Quick Notes Metallic Bonding
- In metallic bonding, positive metal ions are attracted to negatively charged delocalised electrons, forming a dense and rigid structure.
- Positively charged metal ions form because metal atoms are more stable if they lose electrons to have a full outer shell.
- Electrons lost by metal atoms in solid metals have nowhere to go and stay attracted to the positive charge of the metal ions.
- Electrons are not held by the metal atom but are free to move – they are delocalised.
- Free movement of delocalised electrons enable metals to conduct electricity.
Full Notes Metallic Bonding
It is seems obvious, but when talking about metallic bonding, we are talking about a specific type of atomic bonding that only occurs in metals.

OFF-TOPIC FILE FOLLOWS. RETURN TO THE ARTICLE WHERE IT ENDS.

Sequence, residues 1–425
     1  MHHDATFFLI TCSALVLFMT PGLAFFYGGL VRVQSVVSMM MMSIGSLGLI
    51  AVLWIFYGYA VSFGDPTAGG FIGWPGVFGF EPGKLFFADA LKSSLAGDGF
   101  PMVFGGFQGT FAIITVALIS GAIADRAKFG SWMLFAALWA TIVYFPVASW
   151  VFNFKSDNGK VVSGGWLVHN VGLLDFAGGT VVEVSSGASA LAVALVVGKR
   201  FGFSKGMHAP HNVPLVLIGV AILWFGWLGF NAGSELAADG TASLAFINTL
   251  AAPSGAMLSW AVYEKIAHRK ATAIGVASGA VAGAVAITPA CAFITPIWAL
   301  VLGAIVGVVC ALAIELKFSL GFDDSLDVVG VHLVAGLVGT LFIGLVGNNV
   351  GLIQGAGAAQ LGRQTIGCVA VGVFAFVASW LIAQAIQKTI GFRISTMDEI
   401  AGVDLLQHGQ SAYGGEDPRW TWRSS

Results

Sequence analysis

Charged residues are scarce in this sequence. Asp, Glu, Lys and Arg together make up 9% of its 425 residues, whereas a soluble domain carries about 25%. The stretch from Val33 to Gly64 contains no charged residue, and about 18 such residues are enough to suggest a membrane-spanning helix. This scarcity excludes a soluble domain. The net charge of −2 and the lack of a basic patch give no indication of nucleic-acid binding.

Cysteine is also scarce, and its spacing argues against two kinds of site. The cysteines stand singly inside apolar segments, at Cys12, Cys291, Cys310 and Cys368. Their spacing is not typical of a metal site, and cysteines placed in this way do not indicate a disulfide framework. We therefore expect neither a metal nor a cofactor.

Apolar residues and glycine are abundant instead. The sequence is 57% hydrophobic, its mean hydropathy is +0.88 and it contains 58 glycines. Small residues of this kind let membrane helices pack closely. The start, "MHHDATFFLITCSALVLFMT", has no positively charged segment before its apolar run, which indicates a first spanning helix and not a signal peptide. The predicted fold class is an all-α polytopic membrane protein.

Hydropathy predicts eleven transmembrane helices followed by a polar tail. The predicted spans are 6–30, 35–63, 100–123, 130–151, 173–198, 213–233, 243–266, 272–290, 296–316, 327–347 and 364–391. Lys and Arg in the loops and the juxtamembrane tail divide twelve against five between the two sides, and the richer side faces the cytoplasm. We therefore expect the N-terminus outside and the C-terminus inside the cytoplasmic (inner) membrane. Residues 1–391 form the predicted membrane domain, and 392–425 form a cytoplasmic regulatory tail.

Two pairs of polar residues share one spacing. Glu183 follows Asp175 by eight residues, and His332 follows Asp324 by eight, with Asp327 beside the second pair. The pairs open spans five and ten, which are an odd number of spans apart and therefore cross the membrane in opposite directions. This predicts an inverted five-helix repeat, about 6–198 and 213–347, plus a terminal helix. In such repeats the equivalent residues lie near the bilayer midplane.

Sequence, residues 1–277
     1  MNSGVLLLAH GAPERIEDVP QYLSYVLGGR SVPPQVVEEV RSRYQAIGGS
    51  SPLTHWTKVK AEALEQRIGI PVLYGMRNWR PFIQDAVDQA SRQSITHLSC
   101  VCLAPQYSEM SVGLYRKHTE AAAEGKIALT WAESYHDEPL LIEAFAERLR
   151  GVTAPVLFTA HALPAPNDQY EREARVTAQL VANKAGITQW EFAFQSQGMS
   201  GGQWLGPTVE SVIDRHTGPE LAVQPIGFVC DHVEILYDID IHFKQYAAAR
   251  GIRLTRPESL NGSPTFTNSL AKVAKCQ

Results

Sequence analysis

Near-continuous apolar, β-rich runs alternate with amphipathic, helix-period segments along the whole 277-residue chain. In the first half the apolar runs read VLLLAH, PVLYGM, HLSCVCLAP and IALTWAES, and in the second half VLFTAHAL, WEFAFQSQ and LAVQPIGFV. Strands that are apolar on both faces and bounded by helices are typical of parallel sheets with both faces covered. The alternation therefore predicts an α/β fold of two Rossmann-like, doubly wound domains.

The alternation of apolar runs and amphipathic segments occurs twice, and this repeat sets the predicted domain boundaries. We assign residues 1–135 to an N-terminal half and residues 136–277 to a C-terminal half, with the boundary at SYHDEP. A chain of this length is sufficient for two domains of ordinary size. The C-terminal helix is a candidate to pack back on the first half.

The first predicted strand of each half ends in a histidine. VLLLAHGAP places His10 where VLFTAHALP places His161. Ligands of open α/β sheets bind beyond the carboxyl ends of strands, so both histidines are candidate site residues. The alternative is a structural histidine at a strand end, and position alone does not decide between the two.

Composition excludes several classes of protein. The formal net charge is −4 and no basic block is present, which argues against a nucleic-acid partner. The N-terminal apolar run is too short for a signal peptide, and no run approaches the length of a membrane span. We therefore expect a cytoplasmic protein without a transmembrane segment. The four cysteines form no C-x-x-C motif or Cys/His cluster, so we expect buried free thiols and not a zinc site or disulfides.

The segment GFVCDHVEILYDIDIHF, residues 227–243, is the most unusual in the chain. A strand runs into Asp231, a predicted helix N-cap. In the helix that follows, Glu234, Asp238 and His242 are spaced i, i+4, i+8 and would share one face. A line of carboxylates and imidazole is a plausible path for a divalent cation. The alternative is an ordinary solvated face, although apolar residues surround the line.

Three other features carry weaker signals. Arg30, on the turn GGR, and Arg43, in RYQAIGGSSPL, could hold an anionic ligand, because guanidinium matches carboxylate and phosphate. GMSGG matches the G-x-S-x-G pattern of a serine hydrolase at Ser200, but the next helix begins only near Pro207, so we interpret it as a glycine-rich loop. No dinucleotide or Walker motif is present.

Metals easily form positive ions. They are more stable with a full outer shell, even if it means they have to have a positive charge.
In metallic bonding, metal atoms ‘lose’ electrons to become positive ions. The electrons ‘lost’ by the metal atoms have nowhere to go. Now ‘free’ they are attracted to the positive charge of the metal ions, but they are not physically held in one place; they are described as being delocalised.
To pass a current through a metal, delocalised electrons are forced to move in a particular direction, (whilst constantly bumping into each other). This is why metals are able to conduct electricity – because they have delocalised electrons in their structures that are able to move.
Metallic bonding is very strong, which is why metals have high melting points and are used for strength in applications.
The greater the charge of the metal ion, the stronger the metallic bonding. In aluminium, for example, each aluminium atom forms an Al3+ ion. Even though each aluminium ion has a low mass (Al has an Ar of 27), the attraction between the 3+ ions and the delocalised electrons is very strong, giving aluminium a very high strength to weight ratio.